MARIE McCourt has expressed anger after the chief executive of the Parole Board was made a CBE for services to victims.

The honour was given to Martin Jones, who has been in post since 2015, just days after an outcry over the Parole Board’s decision to release Colin Pitchfork, who raped and killed two schoolgirls in the 1980s in Leicestershire.

Ms McCourt, from Billinge whose 22-year-old insurance clerk daughter Helen vanished on her way home from work in 1988, said it was “very bad timing” for him to get the award given this week’s announcement of Pitchfork’s release.

Marie, 77, said: “I have no faith in the man” and added: “I am angry to hear that he has been given this when I believe that he is not the right man in that job.”

Helen's murderer, Ian Simms, was released last year, despite never saying where Helen's body had been hidden.

Comments made by Mr Jones, also a former Ministry of Justice (MoJ) head of sentencing, last year prompted some anger from campaigners for Helen’s Law – named after Helen McCourt.

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It seeks to make it harder for killers to get parole if they refuse to reveal where they hid their victim’s body.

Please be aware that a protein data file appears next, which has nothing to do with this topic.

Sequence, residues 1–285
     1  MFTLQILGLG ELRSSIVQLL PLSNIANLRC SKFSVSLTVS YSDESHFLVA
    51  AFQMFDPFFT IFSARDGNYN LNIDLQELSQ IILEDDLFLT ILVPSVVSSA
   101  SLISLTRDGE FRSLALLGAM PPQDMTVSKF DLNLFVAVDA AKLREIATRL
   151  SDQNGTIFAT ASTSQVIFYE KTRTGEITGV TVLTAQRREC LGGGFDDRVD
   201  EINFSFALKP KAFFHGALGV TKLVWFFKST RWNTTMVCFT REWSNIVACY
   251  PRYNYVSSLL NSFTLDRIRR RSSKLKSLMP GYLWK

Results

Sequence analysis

He warned that killers who refuse to disclose where they have hidden their victim’s body could still be freed from jail despite the fresh legislation being introduced in a bid to deny them parole.

As part of efforts to avoid giving families false hope over the rules, he made clear that although prisoners will now be questioned and failure to co-operate may not work in their favour, the Parole Board must still release them if it is decided they are no longer a risk to the public.

But some feared the comments cast doubt on how effective the changes would be.

Pitchfork was the first man convicted of murder on the basis of DNA evidence and was jailed for life for strangling 15-year-olds Lynda Mann and Dawn Ashworth in Leicestershire in 1983 and 1986.

Some relatives of the victims, politicians and detectives involved in the case expressed concerns about Pitchfork’s release.

The Government is considering whether to challenge the decision.

Mr Jones is also celebrated in the Queen’s Birthday Honours list for his work on diversity and transparency within the parole process.

Parole Board hearings take place in private, normally in prisons, with victims and observers such as reporters being given limited access in rare circumstances.

But Mr Jones has backed plans for proceedings to take place in public amid efforts to overhaul the system and remove the secrecy surrounding the Parole Board’s work.

He has also welcomed the idea of Contempt of Court-like powers for parole hearings in a bid to limit delays.